Sure not everyone can afford to buy a Breville BES980XL, which is around $2000. Gaggia Classic is a workhorse, very reliable, the perfect starter for the espresso geek. People have owned these machines for years, and some upgraded to better machines, as their knowledge and technique improved. Take a look at our article about semiautomatics, if this is your choice.
From an expert’s perspective, Gaggia is missing on some aspects, but nothing to stop you from getting great espresso shots. Once your technique improves, your quest of finding the “God Shot” will be slowed down by the Classic. You will find out then that you “absolutely” need a PID and a dual boiler.
The Taste Comparison
The taste is subjective, so take that into account when reading this next section. However, from the coffee specialty perspective, espresso has some flavor attributes that we cannot find in a Nespresso shot. The technology that makes the extraction possible is different.
Capsule espresso makers produce consistent shots that are very close to the real thing. For the untrained coffee lover, there is no difference, and in fact many prefer capsule espresso. As I said, “De gustibus non est disputandum”.
- Capsule espresso machines make good coffee consistently. However, if you are used to the sharp and rich espresso flavors, you will miss them a bit if you buy a Nespresso maker. Shots are always good, you can’t pull a bad shot, really.
- Classic espresso machines will brew great espresso, with the help of a skilled barista. But remember, even the greatest have pulled a bad shot from time to time.
- With capsule espresso, your coffee beans choice is a bit more limited. The market has come a long way from a few years ago, and we can find Yirgacheffe capsules now. However, you are still limited to what is on the market. Using aftermarket reusable capsules is out of the discussion since it defeats the purpose.
How Are Nespresso and Espresso Different from a Taste Perspective?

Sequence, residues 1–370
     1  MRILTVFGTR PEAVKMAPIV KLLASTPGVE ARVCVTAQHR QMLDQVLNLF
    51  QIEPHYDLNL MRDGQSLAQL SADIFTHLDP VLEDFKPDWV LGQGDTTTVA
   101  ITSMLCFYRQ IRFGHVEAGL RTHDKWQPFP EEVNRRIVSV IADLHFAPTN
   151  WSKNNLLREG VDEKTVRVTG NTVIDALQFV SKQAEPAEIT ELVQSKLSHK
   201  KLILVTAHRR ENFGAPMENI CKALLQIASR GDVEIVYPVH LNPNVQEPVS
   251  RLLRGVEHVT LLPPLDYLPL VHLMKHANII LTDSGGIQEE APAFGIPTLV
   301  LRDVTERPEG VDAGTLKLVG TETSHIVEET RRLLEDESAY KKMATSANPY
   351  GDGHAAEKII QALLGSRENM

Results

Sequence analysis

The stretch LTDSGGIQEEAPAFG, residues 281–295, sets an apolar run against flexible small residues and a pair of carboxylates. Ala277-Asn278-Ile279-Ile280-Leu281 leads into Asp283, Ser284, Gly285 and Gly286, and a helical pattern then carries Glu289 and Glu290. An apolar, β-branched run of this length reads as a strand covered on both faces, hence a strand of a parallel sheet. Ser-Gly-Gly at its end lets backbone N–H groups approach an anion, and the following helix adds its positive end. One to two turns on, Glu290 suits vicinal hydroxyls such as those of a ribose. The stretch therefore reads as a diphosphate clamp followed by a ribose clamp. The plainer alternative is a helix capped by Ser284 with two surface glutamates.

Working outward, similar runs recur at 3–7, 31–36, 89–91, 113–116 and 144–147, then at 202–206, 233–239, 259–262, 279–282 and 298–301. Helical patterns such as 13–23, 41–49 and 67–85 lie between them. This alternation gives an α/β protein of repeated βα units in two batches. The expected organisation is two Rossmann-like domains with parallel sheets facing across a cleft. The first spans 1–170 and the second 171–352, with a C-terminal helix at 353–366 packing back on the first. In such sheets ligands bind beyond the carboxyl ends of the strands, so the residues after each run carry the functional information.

Crema is probably one of the most important aspects. Great semiautomatics make great espresso. With a bag of the best coffee beans, and all brewing variables set correctly, you will pull shots with a nice layer of crema. In turn, crema will lend your coffee its personality, and contribute to the fianl taste of the drink.
On the other hand, capsule based espresso mamachines will produce faux crema. Faux crema is obtained by injecting air bubbles into the coffee. The composistion of faux crema is different from crema from a classic espresso. While faux crema contains mostly air bubbles and some coffee oils, real crema is a mix of CO2, oils, coffee, and very little air. And if you think they are almost identical, they are not. The components are in different proportions.
The amount of coffee oils is the most important, but the amount of fines in the cup is also important. Nespresso has fewer coffee oils and fewer fines than a classic espresso. James Hoffman has a post where he presents his findings about it.
The Style of Coffee You Drink Will Determine Your Choice
The coffee beverage that you preffer matters as well when choosing between Nespresso and espresso. For instance, if you prefer milky espresso drinks, the taste of the coffee is covered by the milk, so you could go either way. The milkier the drink, the less you worry about the espresso taste. A latte recipe calls for a lot of milk. The ratio could go up to 1:5 espresso to milk.
If you prefer neat espresso drinks, or less milky espresso drinks, such as the flat white, or the cappuccino, then you should buy the machine that makes your kind of espresso. Chose Nespresso for a mellow espresso flavor, and IperEspresso, or a semiautomatic, or an automatic espresso machine for the classic, sharp espresso flavor.